Jennifer Zegler
Jenny Zegler is an Associate Director of Food and Drink at Mintel. Jenny blends her trends expertise with food and drink topics such as health, formulation, sustainability and premiumization.

Around this time last year, Mintel launched its 2019 Global Food & Drink Trends. The three trends predicted an emerging circular view of sustainability, an increasing need for food and drink that keep pace with our busy lifestyles, and that healthy ageing will become a new consideration in people’s diets. As Mintel gets ready to take a 10-year-out forecast with the 2030 Global Food & Drink Trends, we revisit the 2019 Global Food & Drink Trends to see how each of the three predictions evolved in the past year.

Read part one, featuring the sustainability-focused ‘Evergreen Consumption’ trend here.

Elevated Convenience

To match the premium expectations of the consumers in the on-demand age, convenience food and drink will get an upgrade.

In the battle for our short attention spans and hectic schedules, convenient packaged food and drink faces a strong challenge from the rise of fast, easy and affordable mobile and online ordering from restaurants. The ease of access to cheap foodservice takeout or delivery has changed consumers’ habits when it comes to solutions for a quick meal, snack or drink. In Brazil, one in five adults who have eaten out or ordered takeout are using delivery apps more often than in the previous six months.

Packaged food and drink can compete with restaurants by communicating time-savings of convenience food and drink. More than two in five Chinese adults who have ordered food delivery in three months to May 2018 order food delivery to save time. According to US Mintel research on restaurant ordering and delivering, more than four in five adults who have ordered delivery or pick-up in the three months to September 2019 order delivery because it is easy. Packaged food and drink products can offer premium options that can be prepared as quickly, if not faster, and deliver a fresher taste as delivery or takeout. For example, South Korea’s frozen Ottogi Uno Bulgogi Pizza is made with dough that is let to rise for 20 hours and then stone-oven baked, but can be cooked in minutes at home.

Upgraded packaged convenience food and drink can compete with restaurants with products designed to deliver flavors worthy of today’s “foodies.” The term for adventurous eaters has appeared on packaged food in 2019 including frozen appetizers Street Foodie Yum Cha Selection from Australia, Itsu Katsu Udon Noodles from the UK that are “a solution for foodies wanting filling and convenient lunch,” and Lundberg Family Farms Bold Bites tortilla chips that are available in the US in “foodie” flavors such as Korean-Style BBQ. Convenience food and drink also can help foodies recreate viral food and drink trends at home. Capitalizing on viral coffee trends in India, Sunbean introduced a Beaten Caffe coffee paste that can be used to make a coffeehouse-style frothy cappuccino at home.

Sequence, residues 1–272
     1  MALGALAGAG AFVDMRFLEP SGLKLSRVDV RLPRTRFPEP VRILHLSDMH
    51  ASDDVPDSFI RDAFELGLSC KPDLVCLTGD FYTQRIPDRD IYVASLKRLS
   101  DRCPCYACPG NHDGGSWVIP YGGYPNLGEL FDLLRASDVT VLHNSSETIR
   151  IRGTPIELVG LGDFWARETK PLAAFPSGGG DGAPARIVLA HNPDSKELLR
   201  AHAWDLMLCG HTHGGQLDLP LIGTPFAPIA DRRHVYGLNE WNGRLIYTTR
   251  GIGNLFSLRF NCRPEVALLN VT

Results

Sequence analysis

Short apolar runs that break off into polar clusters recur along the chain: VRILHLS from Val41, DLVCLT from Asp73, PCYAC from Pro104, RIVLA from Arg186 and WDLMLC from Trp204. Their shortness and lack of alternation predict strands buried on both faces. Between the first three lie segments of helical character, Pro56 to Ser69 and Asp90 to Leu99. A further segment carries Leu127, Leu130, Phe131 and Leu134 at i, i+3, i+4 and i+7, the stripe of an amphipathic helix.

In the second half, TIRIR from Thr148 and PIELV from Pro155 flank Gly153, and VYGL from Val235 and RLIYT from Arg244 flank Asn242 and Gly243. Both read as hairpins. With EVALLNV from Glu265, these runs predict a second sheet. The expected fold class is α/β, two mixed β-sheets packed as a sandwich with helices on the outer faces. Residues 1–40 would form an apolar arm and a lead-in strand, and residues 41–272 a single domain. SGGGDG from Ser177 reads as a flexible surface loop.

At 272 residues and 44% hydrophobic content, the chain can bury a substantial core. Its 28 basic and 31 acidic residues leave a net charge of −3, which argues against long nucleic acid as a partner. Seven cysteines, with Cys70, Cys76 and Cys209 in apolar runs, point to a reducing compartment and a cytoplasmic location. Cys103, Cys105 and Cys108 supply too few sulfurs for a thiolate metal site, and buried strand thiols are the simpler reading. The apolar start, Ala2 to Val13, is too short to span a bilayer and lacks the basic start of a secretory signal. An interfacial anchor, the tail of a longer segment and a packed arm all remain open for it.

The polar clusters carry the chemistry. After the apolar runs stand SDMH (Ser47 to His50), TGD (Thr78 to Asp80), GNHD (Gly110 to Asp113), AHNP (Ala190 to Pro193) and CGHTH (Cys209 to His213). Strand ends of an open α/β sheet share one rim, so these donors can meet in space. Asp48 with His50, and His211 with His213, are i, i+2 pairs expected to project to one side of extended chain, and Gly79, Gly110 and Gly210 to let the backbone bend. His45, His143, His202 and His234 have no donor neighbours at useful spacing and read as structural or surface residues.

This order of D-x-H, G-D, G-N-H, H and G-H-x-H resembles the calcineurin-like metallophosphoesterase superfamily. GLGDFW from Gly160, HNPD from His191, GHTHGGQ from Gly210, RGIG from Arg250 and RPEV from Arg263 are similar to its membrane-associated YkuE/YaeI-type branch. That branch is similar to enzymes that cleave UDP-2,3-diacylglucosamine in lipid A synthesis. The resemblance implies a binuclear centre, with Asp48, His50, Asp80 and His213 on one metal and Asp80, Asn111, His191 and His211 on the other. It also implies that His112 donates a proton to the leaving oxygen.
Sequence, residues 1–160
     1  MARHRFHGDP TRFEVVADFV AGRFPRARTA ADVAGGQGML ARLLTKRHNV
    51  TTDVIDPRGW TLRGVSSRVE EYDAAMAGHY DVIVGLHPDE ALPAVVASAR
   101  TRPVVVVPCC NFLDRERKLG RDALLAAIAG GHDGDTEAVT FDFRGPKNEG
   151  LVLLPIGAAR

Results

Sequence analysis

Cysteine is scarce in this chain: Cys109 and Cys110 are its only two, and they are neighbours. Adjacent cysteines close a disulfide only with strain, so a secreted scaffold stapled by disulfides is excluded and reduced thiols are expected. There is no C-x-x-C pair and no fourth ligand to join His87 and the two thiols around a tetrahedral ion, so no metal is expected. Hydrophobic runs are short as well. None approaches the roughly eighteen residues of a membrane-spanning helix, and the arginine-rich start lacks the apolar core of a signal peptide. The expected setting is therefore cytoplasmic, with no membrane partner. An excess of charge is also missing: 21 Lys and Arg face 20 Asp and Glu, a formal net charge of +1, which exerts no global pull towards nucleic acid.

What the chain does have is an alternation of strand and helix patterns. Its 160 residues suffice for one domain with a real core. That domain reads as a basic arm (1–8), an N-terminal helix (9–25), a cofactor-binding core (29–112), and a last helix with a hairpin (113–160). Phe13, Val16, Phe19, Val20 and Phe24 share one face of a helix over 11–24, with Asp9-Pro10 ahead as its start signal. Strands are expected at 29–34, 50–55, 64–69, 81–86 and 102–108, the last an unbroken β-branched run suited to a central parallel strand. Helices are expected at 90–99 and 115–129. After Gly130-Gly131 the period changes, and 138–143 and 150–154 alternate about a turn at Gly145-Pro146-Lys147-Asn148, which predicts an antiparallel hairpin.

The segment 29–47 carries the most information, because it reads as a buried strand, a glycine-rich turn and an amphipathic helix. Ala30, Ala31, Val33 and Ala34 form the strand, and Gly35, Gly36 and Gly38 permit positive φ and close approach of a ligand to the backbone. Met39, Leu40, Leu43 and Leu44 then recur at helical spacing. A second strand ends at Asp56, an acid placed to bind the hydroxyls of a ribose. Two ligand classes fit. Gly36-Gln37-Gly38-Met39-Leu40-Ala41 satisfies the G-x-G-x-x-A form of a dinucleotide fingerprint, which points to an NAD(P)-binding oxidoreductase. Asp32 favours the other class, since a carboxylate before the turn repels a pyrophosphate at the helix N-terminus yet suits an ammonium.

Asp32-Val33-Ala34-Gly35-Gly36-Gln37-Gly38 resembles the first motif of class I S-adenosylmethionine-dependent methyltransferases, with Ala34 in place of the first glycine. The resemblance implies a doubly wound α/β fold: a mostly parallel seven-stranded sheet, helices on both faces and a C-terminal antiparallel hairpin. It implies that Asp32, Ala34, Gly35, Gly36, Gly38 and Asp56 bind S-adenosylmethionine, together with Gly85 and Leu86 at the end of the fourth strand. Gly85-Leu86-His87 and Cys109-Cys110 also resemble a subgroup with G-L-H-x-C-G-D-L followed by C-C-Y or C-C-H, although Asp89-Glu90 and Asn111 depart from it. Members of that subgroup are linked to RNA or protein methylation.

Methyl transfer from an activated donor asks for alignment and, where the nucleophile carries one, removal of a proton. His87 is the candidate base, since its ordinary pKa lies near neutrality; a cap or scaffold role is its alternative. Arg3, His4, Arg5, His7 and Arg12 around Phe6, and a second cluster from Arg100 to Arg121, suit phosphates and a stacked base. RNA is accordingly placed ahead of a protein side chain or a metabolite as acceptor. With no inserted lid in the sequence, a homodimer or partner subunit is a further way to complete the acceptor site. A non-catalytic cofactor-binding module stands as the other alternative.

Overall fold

Through the Ages

Food and drink will build on today’s dialogue about wellness to transition into more solutions for healthy ageing.

With benefits for joint health and skin appearance, collagen has been an emerging healthy ageing ingredient.

Health and wellness is a motivating factor that drives most consumers to consistently look for ways to improve themselves. In fact, just more than one-third of Canadian adults are currently satisfied with their wellbeing. This coincides with forecasts that people will live longer than ever before. As average lifespans in many countries reach 80 years or older, awareness of our longevity is motivating people of all ages to seek out products and services that can help them live longer and be healthier.

‘Through the Ages’ identifies an opportunity for food and drink to take inspiration from the beauty industry and create healthy ageing products that help people prepare for longer lifespans at any age. Consumers are open to food and drink that is naturally rich in vitamins, minerals and other nutrients that can improve long-term health such as fruits, vegetables and fish. For example, nearly one-third of Brazilian adults who bought healthy food or drinks in the six months to May 2019 buy healthy food and drink for healthy ageing.

Fortification also can create food, drink and supplement products that are designed to improve bone, heart, joint, brain and eye health. With benefits for joint health and skin appearance, collagen has been an emerging healthy ageing ingredient. In 2019, collagen has appeared in juices, dietary supplements and snack bars.

While many categories can create healthy ageing innovations, sports nutrition and hydration products have specific opportunities to address today’s seniors who are committed to their active lifestyles. In the UK, more than half of adults aged 55+ say getting exercise is a top health priority, which is just less than the three in five who say eating healthy is a priority. Beverages, snacks and sports supplements can provide the energy, hydration, muscle-building and recovery ingredients that seniors of today and tomorrow will need to stay active and healthy.